After more back and forth, the paper was finally accepted for publication by Science Advances. ... One of the sticking points was the following question: What alternative information was the AI actually using that has evaded decades of forensic analysis? ... “The AI was not using ... the patterns used in traditional fingerprint comparison,” said Guo ... . “Instead, it was using something else, related to the angles and curvatures of the swirls and loops in the center of the fingerprint.”

Proprietary fingerprint matching algorithms also do not arrive at matches the way human examiners do. They "see" different features in the patterns and tend to rank the top candidates for true matches in a database trawl differently than the human experts. Again, however, these facts about automated systems neither prove nor disprove claims of uniqueness. And, theoretical uniqueness has little or nothing to do with the actual probative value of assertions of matches by humans, automated systems, or both.

Although not directly applicable, the day after the publicity on the Guo et al. paper, I came across the following report on "Limitations of AI-based predictive models" in a weekly survey of papers in Science:

A central promise of artificial intelligence (AI) in health care is that large datasets can be mined to predict and identify the best course of care for future patients. Unfortunately, we do not know how these models would perform on new patients because they are rarely tested prospectively on truly independent patient samples. Chekroud et al. showed that machine learning models routinely achieve perfect performance in one dataset even when that dataset is a large international multisite clinical trial (see the Perspective by Petzschner). However, when that exact model was tested in truly independent clinical trials, performance fell to chance levels. Even when building what should be a more robust model by aggregating across a group of similar multisite trials, subsequent predictive performance remained poor. -- Science p. 164, 10.1126/science.adg8538; see also p. 149, 10.1126/science.adm9218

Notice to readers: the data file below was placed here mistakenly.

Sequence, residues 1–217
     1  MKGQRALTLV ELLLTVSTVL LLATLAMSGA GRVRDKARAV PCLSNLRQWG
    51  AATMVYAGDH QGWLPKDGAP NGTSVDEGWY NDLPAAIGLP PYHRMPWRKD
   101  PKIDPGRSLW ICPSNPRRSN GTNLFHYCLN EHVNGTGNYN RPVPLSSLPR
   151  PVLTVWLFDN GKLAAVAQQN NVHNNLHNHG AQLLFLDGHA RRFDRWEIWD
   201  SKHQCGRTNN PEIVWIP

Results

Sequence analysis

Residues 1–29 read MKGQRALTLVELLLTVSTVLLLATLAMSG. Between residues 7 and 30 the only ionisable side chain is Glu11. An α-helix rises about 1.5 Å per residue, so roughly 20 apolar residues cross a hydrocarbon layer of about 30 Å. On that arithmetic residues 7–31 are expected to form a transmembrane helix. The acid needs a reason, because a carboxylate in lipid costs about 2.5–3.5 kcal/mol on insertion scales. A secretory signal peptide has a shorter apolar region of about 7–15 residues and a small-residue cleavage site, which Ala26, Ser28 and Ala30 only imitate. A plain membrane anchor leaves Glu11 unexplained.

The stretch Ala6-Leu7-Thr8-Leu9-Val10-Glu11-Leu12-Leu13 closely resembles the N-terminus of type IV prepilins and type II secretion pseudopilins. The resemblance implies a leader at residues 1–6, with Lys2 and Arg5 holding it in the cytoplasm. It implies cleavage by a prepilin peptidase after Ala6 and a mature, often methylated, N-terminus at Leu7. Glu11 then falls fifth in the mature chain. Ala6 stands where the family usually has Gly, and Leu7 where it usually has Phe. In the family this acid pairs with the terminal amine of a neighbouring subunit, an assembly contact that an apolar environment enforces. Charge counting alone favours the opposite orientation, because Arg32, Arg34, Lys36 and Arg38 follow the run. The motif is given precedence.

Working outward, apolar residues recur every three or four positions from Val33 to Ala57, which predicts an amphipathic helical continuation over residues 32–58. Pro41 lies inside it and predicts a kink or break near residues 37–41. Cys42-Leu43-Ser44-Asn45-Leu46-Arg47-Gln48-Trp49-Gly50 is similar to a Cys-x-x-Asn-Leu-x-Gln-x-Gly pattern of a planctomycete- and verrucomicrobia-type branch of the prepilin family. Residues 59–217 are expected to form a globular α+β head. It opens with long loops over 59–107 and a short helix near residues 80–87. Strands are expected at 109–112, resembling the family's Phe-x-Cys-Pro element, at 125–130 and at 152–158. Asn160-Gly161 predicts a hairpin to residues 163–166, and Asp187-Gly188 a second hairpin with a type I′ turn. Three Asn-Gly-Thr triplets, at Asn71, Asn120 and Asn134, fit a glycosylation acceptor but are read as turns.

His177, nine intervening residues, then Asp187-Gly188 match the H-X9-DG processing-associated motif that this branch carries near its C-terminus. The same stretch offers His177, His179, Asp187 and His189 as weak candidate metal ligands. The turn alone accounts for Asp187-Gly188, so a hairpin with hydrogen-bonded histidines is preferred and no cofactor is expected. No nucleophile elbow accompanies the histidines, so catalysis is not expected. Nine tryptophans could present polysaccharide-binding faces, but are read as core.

Note: This posting was last modified on 1/12/24 2:45 PM

Saturday, November 18, 2023

SWGDE's Best Practices for Remote Collection of Digital Evidence from a Networked Computing Environment

SWGDE 22-F-003-1.0, Best Practices for Remote Collection of Digital Evidence from a Networked Computing Environment, is a forensic-science standard proposed for inclusion on the Organization of Scientific Area Committees for Forensic Science (OSAC) Registry—"a repository of selected published and proposed standards … to promote valid, reliable, and reproducible forensic results.”

The best practices “may not be applicable in all circumstances.” In fact, “[w]hen warranted, an examiner may deviate from these best practices and still obtain reliable, defensible results.” I guess that is why they are called best practices rather than required practices. But what circumstances would justify using anything but the best practices? On this question, the standard is silent. It merely says that “[i]f examiners encounter situations warranting deviation from best practices, they should thoroughly document the specifics of the situation and actions taken.”